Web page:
Both the Second World War and the pandemic have shown us, again, that people respond to strong and honest leadership in a crisis. On the climate crisis, we’re not getting strong or honest leadership from any of the mainstream parties. What their policies really mean is “we know that we’re going to use it all up, but we’re doing what we can. Anyway  I’m going to be out of office by the time it gets really bad and then it won’t be my problem.”

That’s why Canadians need the Green Party. We tell the truths that the other parties skirt, and we show how a green lens illuminates better answers for a whole range of public problems, from housing to mental health. And once the public knows these answers are possible, it changes the mainstream conversation.

The legal fight over federal carbon pricing is finally over. Now the real work can begin

Please enjoy my Op Ed from the March 25, 2021 Toronto Star:

In our growing climate crisis, today is a pretty good day. The Supreme Court of Canada rejected Conservative premiers’ attacks on Canada’s federal carbon price, despite our complicated constitution. This should be the end of the anti- carbon price dead end. We have a real job to do. 

The climate crisis is an overwhelming threat to human civilization. Its dangers have been clear for decades. And we know what to do to keep a stable climate, and it includes slashing our emissions of greenhouse gas pollution by half this decade.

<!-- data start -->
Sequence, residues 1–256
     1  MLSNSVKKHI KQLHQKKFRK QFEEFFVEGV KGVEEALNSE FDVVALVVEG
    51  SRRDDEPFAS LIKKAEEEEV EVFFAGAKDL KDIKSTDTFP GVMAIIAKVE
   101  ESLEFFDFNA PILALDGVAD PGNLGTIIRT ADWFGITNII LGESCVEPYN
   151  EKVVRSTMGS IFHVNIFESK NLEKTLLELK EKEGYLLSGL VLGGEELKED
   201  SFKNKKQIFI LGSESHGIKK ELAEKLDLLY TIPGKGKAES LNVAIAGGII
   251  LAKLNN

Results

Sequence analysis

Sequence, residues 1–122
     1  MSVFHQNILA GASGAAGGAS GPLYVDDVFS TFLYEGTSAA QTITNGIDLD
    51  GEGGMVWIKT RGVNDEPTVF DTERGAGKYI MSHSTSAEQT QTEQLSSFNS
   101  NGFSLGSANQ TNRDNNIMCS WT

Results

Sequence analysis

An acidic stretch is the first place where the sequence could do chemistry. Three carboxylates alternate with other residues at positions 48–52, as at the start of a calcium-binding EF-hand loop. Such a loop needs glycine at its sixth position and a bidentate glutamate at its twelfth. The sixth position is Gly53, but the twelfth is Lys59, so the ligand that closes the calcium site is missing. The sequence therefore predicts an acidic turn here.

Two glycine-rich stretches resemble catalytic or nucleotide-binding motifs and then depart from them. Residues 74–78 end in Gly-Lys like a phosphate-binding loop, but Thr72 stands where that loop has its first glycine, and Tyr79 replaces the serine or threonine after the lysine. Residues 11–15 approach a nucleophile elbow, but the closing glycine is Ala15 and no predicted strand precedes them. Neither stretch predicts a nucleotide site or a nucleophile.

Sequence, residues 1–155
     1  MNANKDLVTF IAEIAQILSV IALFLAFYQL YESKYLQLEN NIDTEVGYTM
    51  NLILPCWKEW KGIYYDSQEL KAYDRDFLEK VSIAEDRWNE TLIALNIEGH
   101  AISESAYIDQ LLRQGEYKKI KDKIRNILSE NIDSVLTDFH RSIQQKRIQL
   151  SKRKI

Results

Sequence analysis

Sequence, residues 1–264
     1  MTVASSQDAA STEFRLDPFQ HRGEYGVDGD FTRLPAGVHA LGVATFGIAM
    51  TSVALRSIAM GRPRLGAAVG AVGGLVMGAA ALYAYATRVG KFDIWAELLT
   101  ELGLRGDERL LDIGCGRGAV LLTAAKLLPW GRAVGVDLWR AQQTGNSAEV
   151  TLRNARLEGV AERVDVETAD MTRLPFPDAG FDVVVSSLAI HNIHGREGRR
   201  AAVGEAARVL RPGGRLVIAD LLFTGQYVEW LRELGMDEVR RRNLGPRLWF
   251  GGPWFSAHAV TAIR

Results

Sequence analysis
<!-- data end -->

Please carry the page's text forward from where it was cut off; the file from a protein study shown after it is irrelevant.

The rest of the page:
No question, this will take work. For a century, we have built our infrastructure and our economy around burning fossil fuels. We have a small population, but we are one of the world’s worst carbon polluters both at home and abroad. Canada has profited heavily from digging up fossil fuels, especially petroleum from the oil sands. What Canada does about the climate crisis matters. Having wasted decades without effective climate action, we now have little time and a great deal to do. 

Fortunately, we have some excellent tools. The single most powerful is carbon pricing. It cannot solve the climate crisis on its own, but it levels the playing field between fossil fuels and a cleaner future, it rewards innovation and it reduces cost. When pollution is “free” we get more of it; when polluters pay for their damage, it’s remarkable how quickly they find alternatives. Without a carbon price, we will probably  speed ever faster towards climate breakdown.